One of the mysterious objects is part of a silk cocoon – guess what you get when you cut open a silk cocoon? Yep – a big ol’ fat dead silkworm. He’s not in there. . .he, er, went away.

Working with fibers is a lot more than knitting, y’all – it’s almost unlimited in its possibilities. Check out Eleanor’s MeinkeToy website and see what I mean.I have a feeling that I’ll be doing a lot more FiberShards in the near future. Thoughts?

Friday Freezie

All plans are on hold here in San Antonio – it’s icy! People in colder climates may not understand why this city shuts down when the roads get ice-slicked, but, believe, me, it’s a good idea since San Antonio drivers go a little nuts (nuttier?) when the “s” word (“snow”) is even mentioned. So I’m home, planning workshops and catching up on email. Alyson Stanfield’s blog today had a great quote from Niel Gaiman, English author of short fiction, novels, comic books, graphic novels, audio, theatre and films, so I’m copying it here for your reading pleasure, especially if you’re housebound and seeking creative inspiration:

gaiman“Remember, whatever discipline you’re in, whether you’re a musician or a photographer, a fine artist or a cartoonist, a writer, a dancer, a singer, a designer — whatever you do, you have one thing that’s unique: You have the ability to make art. And for me, and for so many of the people I’ve known, that’s been a lifesaver, the ultimate lifesaver. It gets you through good times, and it gets you through … the other ones. Sometimes life is hard. Things go wrong — in life and in love and in business and in friendship and in health and in all the other ways life can go wrong. And when things get tough, this is what you should do: Make good art. I’m serious. Husband runs off with a politician? Make good art. Leg crushed and then eaten by mutated boa constrictor? Make good art. IRS on your trail? Make good art. Cat exploded? Make good art. Someone on the Internet thinks what you’re doing is stupid or evil or it’s all been done before? Make good art. Probably things will work out somehow, eventually time will take the sting away, and that doesn’t even matter. Do what only you can do best: Make good art. Make it on the bad days, make it on the good days, too.”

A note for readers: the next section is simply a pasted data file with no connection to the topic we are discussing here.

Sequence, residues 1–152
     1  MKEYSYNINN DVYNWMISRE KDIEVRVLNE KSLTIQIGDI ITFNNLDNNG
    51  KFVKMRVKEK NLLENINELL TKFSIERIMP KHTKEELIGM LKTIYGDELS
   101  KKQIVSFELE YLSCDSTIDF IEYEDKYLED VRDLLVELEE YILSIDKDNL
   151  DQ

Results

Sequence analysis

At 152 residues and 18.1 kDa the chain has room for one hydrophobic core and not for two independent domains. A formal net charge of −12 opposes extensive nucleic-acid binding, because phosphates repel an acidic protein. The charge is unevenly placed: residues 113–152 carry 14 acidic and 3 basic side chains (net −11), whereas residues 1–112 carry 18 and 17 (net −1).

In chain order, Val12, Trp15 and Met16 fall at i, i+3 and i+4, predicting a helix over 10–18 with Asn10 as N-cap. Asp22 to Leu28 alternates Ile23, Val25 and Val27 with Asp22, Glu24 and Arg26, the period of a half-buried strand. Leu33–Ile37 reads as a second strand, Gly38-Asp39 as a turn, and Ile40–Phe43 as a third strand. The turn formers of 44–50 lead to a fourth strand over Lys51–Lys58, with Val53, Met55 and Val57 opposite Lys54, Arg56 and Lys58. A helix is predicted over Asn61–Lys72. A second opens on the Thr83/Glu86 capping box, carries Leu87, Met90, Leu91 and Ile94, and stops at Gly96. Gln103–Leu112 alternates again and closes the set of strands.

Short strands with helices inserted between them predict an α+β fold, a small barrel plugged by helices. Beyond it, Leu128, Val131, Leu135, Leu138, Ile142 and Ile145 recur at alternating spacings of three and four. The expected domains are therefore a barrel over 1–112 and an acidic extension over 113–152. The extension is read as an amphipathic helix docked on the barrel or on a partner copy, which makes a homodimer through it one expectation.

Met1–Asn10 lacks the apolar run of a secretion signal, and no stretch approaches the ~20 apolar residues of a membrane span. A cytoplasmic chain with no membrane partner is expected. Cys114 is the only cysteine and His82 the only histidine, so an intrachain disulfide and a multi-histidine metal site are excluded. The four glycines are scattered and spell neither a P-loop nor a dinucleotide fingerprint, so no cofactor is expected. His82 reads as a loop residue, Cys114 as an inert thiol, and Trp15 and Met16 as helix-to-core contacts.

This quote is from a commencement address he gave at the University of the Arts in 2012. The whole thing is enlightening, takes less than 20 minutes, and is a fine thing to watch when the weather outside is freezing. Stay warm, y’all!


Guest Blogger: Carla Pineda, Viva Bookstore

Let me introduce my dear friend, Carla Pineda, writer, retreat leader and certified spiritual director – and, lucky for me, assistant manager at Viva Bookstore, one of my favorite places to visit. We were talking the other day about the upcoming Sacred Ground exhibit, and I asked her to tell us about some of the books she’s bringing on Sunday to celebrate the art exhibit, the new Cathedral Park Meditation Walk, and the empowering partnership between the visual arts and the literary arts. (Speaking of partnerships, Carla and I have some great ideas for exciting events at the Studio – stay tuned.) Here’s Carla! . . . . . . . . . . .


I am so excited abcarlaeditout the Sacred Ground Art Show at Bishop Jones Center this Sunday.

Scouting the shelves here at Viva Bookstore for books to bring to the show has been so much fun.  I’ve found ones that speak of landscape, creation, beauty, prayer ,and the elements. The words water, wind, earth, and fire, pilgrimage and thoughtful gardening grace the covers of books I’m bringing.  One of my favorite books this year is entitled, “Bright Wings: An Illustrated Anthology of Poems about Birds.” birds  It’s about more than birds.  I think birds are poets we often miss listening to and I wonder how many different bird voices fill the skies around the sacred ground of Jones Center.   “Nature as Spiritual Practice” is a book I haven’t read but just the idea of “practicing” nature makes me want to give it a try.  I think I’ll do a little practicing on Sunday.  Another title, “The birds2Solace of Fierce Landscapes: Exploring Desert and Mountain Spirituality” is one of my favorite books.  Yes, I know Jones Center isn’t desert or mountain but I wonder if, in the past, before the city grew up around it, and before it became what it is today, if those who settled here didn’t feel it as fierce.  So, on Sunday I’m going to listen, walk, explore and experience this special place, its history and the gifts of talented artists.  Hope to see you there!  And, course, I’ll have books!